The Heart of Robin Hood: A legend turned on its head at the A.R.T.

Reviewed by Jane Baldwin

Categories: Professional Theatre

John Dean, Christina Bennett Lind, Christopher Sieber

Photo, Evgenia Eliseeva.

The American Repertory Theatre (A.R.T.) is celebrating the holiday season with The Heart of Robin Hood, an updated, highly physical, and comic version of the old chestnut, with a little violence thrown in for good measure. The play, written by David Farr and directed by the innovative Gisli Örn Gardarsson, was first presented at the Royal Shakespeare Company (RSC) in England.

Gardarsson, a founder of the experimental Icelandic theatre and film company Vesturport, has staged a number of its widely renowned productions, which, like The Heart of Robin Hood, have been adaptations. In order to achieve a Vesturport-like quality at the RSC and the A.R.T., Gardarsson imported most of his technical team from the Icelandic Company.

What makes this production outstanding is its visual aspect: the setting, lighting, acrobatics, and aerialism. The Loeb Theatre’s flexible stage became a thrust for this production, lending it at once more intimacy and a greater feeling of space. Designer Börkur Jonsonn’s Sherwood Forest is stylized as a tall oak tree with spreading limbs, lit by gold, white, and blue lights, making it appropriate for the Christmas season. Upstage is a steep grassy hill, forty-five feet in height, which actors slide down at full tilt for entrances and ascend with the help of ropes for exits. At times, doors and windows pop open turning the hill into a castle wall complete with a balcony. Covering the stage floor is similar green turf, hidden waterholes, and a pond. The effect is festive, fantastical, and fearsome.

Both Farr and Gardarsson wanted to remove the encrustations of novels, plays, films, television series, comic books, and video games. At the same time, they borrowed archetypes and quintessential plot elements. In a moment vaguely reminiscent of King Lear, a character has his tongue pulled out by one of the villains. This Robin Hood (Jordan Dean) is a misogynistic outlaw who, along with his not so merry men, steals for gain, resorting to murder if necessary. Maid Marion (Christina Bennett Lind) falls in love with and is rejected by Robin Hood when in an attempt to escape her fiancé, the evil Prince John, she arrives at Sherwood Forest. In a bid to gain Robin Hood’s admiration, she dons breeches à la Shakespeare and becomes part of the band as Martin. By the play’s end, she has won Robin Hood’s love and transformed him into the generous character of legend. It closes with a show stopping scene as the two lovers, now married, perform a rope ballet, rising higher and higher as their spotlighted bodies entwine.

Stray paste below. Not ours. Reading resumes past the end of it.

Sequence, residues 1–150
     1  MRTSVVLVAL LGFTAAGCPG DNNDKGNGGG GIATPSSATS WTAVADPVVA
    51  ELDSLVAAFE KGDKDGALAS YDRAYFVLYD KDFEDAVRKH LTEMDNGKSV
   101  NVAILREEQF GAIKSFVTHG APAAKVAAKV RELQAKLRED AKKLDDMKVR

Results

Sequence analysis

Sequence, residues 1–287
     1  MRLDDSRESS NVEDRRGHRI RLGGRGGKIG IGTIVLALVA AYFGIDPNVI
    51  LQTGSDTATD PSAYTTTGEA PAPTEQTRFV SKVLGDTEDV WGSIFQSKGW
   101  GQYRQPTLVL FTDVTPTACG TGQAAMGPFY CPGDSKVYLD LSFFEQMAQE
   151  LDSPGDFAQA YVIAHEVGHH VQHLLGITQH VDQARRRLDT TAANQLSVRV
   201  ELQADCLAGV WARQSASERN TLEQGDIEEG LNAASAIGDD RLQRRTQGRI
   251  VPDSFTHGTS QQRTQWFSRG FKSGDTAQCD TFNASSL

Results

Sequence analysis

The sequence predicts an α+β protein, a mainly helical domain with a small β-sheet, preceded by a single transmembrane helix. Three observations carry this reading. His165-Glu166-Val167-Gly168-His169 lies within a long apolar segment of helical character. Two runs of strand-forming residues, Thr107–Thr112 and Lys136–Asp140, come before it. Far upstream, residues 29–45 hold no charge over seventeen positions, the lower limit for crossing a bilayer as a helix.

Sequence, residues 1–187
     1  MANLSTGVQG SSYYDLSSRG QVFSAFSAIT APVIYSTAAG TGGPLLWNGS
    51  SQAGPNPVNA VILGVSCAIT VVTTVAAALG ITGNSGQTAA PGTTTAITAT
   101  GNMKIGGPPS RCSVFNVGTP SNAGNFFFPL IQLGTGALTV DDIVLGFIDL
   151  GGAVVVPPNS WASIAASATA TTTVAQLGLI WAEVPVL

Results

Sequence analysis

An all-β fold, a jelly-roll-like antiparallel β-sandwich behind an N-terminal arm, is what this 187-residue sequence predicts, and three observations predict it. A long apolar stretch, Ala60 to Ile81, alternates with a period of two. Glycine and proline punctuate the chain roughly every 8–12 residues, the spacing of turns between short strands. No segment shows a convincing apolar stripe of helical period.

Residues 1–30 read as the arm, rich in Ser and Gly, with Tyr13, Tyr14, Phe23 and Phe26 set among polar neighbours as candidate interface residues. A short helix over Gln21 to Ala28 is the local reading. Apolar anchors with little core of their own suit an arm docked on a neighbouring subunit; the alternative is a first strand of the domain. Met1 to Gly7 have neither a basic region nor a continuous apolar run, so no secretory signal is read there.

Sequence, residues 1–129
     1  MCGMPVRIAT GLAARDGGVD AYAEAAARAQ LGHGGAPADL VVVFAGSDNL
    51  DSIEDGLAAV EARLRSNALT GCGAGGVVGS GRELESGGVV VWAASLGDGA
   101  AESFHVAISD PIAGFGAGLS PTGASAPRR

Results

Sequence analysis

Several well-known characters such as the Sheriff of Nottingham are missing while new additions like Pierre, Marion’s loyal servant (Christopher Sieber) and her wicked sister Alice (Katrina Yaukey) help change the tenor of the story. But the heart of the play is its vigorous action. In the fighting scenes, the actors are proficient with swords, staves, clubs, bows and arrows, and their bodies. In her character of Martin, Maid Marion is singularly strong, while remaining graceful. The cast is made up of extraordinary athletes who vault from tree branches, use ropes like trapezes, and cartwheel and somersault across the stage.

On the whole, the acting is competent or better. The muscular and handsome Jordan Dean is believable as Robin Hood. While Christina Bennett Lind moves beautifully, her voice is shrill and sometimes too loud. Christopher Sieber imbues Pierre with sly humor. Damian Young is duly lascivious and sadistic as Prince John. Laura Sheehy is delightful as Plug the dog.

In a departure from their original production, the playwright and director brought in the young Connecticut roots band Poor Old Shine. The five musicians play the mandolin, banjo, guitar, bass, and drums to introduce the performance and in transitions throughout. Depending on your taste, their lively anachronistic music is either a delight or completely out of tune with this show. Nonetheless, despite the occasional qualm, I found The Heart of Robin Hood a fun evening.

Performances at the Loeb Drama Center in Cambridge, MA run from Dec. 11 to Jan. 19, 2014.

Written by

David Farr

Music by

Poor Old Shine

Lyrics by

Poor Old Shine, David Farr

Directed by

Gisli Örn Gardarsson

Set Designer

Börkur Jónsson

Costume Designer

Emma Ryott

Lighting Designer

Björn Helgason

Sound Designer

Jonathan Deans

Fight Director

Joe Bostick

Associate Director and Aerial Consultant

Selma Björnsdóttir

   

Cast

 

Gisborne’s Henchman/Soldier/Prison Guard

Moe Alafrangy

Sarah Summers

Claire Candela

Jethro Summers

Andrew Cekala

Little John

Jeremy Crawford

Robin Hood

Jordan Dean

Will Scathlock

Zachary Eisenstat

Guy of Gisborne/George LeBrun/Duke of York/Bishop

David Michael Garry

Much

Andy Grotelueschen

Marion

Christina Bennett Lind

Plug the Dog/Townswoman/Soldier/Rebecca Summers

Laura Sheehy

Pierre

Christopher Sieber

Makepeace/Friar/Robert Summers/French Lord/ Confessor/Wild Boar/Lord Falconbury

Louis Tucci

Alice/Lady LeBrun/French Lady/Lady Falconbury/Soldier

Katrina Yaukey

Prince John

Damian Young


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